Copper Isotope Fractionation by Desert Shrubs


Copper has two naturally occurring stable isotopes of masses 63 and 65 which can undergo mass dependent fractionation during various biotic and abiotic chemical reactions. These interactions and their resulting Cu isotope fractionations can be used to determine the mechanisms involved in the cycling of Cu in natural systems. In this study, Cu isotope changes were investigated at the organismal level in the metal-accumulating desert plant, Prosopis pubescens. Initial results suggest that the lighter Cu isotope was preferentially incorporated into the leaves of the plant, which may suggest that Cu was actively transported via intracellular proteins. The roots and stems show a smaller degree of Cu isotope fractionation and the direction and magnitude of the fractionations was dependent upon the levels of Cu exposure. Based on this and previous work with bacteria and yeast, a trend is emerging that suggests the lighter Cu isotope is preferentially incorporated into biological components, while the heavier Cu isotope tends to become enriched in aqueous solutions. In bacteria, plants and animals, intracellular Cu concentrations are strictly regulated via dozens of enzymes that can bind, transport, and store Cu. Many of these enzymes reduce Cu(II) to Cu(I). These initial results seem to fit into a broader picture of Cu isotope cycling in natural systems where oxidation/reduction reactions are fundamental in controlling the distributions of Cu isotopes.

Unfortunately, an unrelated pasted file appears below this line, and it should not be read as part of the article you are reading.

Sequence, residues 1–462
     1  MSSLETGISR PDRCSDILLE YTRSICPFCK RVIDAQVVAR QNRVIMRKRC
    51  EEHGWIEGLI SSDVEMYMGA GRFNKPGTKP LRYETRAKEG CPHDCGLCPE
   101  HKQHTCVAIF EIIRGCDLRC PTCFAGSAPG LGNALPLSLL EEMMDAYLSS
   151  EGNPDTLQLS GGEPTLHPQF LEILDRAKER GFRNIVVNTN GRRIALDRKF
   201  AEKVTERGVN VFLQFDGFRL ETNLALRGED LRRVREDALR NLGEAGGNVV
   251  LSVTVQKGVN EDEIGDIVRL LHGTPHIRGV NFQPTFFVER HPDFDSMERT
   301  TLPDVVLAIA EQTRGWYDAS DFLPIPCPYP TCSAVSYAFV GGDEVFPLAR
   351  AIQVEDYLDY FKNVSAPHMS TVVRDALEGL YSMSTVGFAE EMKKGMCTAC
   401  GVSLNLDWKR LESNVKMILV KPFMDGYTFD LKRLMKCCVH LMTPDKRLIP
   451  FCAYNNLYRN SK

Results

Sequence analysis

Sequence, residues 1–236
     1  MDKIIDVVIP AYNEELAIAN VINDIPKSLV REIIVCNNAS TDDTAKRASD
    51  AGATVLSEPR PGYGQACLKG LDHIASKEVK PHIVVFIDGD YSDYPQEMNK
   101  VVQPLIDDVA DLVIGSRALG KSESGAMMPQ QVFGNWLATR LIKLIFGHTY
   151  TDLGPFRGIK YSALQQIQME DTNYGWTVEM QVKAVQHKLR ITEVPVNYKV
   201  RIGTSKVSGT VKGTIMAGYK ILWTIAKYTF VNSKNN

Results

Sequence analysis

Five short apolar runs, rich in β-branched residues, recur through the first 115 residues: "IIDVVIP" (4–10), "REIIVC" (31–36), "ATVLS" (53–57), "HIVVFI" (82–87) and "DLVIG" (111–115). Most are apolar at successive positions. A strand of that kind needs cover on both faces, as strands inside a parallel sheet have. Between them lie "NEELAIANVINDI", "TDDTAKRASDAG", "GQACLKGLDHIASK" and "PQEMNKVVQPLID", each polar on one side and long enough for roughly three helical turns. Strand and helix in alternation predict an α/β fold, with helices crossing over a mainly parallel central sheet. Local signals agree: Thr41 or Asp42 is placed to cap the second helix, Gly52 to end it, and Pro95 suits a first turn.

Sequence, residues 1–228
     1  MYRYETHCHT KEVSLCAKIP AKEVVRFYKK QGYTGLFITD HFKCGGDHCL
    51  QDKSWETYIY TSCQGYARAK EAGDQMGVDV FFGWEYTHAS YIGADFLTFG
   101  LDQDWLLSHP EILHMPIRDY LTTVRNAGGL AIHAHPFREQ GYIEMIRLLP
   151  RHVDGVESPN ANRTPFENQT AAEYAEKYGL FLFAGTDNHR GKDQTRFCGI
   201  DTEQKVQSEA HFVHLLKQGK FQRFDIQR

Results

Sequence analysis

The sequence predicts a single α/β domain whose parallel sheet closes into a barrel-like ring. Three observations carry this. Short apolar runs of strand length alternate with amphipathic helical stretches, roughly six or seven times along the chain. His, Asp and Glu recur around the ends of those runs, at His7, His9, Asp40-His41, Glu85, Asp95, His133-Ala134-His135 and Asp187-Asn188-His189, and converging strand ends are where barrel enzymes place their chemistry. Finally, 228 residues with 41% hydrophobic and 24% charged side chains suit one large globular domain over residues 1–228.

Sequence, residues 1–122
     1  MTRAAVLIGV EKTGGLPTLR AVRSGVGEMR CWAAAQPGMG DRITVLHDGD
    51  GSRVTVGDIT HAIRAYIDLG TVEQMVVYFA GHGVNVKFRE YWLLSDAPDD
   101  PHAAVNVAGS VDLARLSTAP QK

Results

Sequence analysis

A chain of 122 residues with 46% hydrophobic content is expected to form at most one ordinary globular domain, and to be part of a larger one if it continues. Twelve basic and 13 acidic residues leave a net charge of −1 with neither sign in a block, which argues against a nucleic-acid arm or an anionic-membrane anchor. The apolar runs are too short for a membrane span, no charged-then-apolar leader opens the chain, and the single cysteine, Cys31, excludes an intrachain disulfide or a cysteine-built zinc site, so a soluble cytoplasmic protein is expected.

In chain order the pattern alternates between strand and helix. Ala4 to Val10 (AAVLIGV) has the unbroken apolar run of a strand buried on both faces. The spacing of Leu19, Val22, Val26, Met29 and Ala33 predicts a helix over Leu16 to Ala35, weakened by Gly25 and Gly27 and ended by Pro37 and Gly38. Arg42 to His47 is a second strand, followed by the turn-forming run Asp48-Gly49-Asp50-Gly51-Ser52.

Geosciences and Geological and Petroleum Engineering

Keywords and Phrases

Aqueous solutions; Biological components; Intracellular proteins; Isotope fractionation; Natural systems; Naturally occurring; Pubescens; Stable isotopes; Animals; Bacteria; Bacteriology; Catalysts; Enzymes; Fractionation; Landforms; Isotopes; bacterium; bioaccumulation; copper; desert; enzyme activity; isotopic analysis; isotopic fractionation; magnitude; protein; shrub; stable isotope; yeast; Animalia; Prosopis pubescens

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Article - Journal

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© 2011 Elsevier, All rights reserved.

Publication Date

01 Jun 2011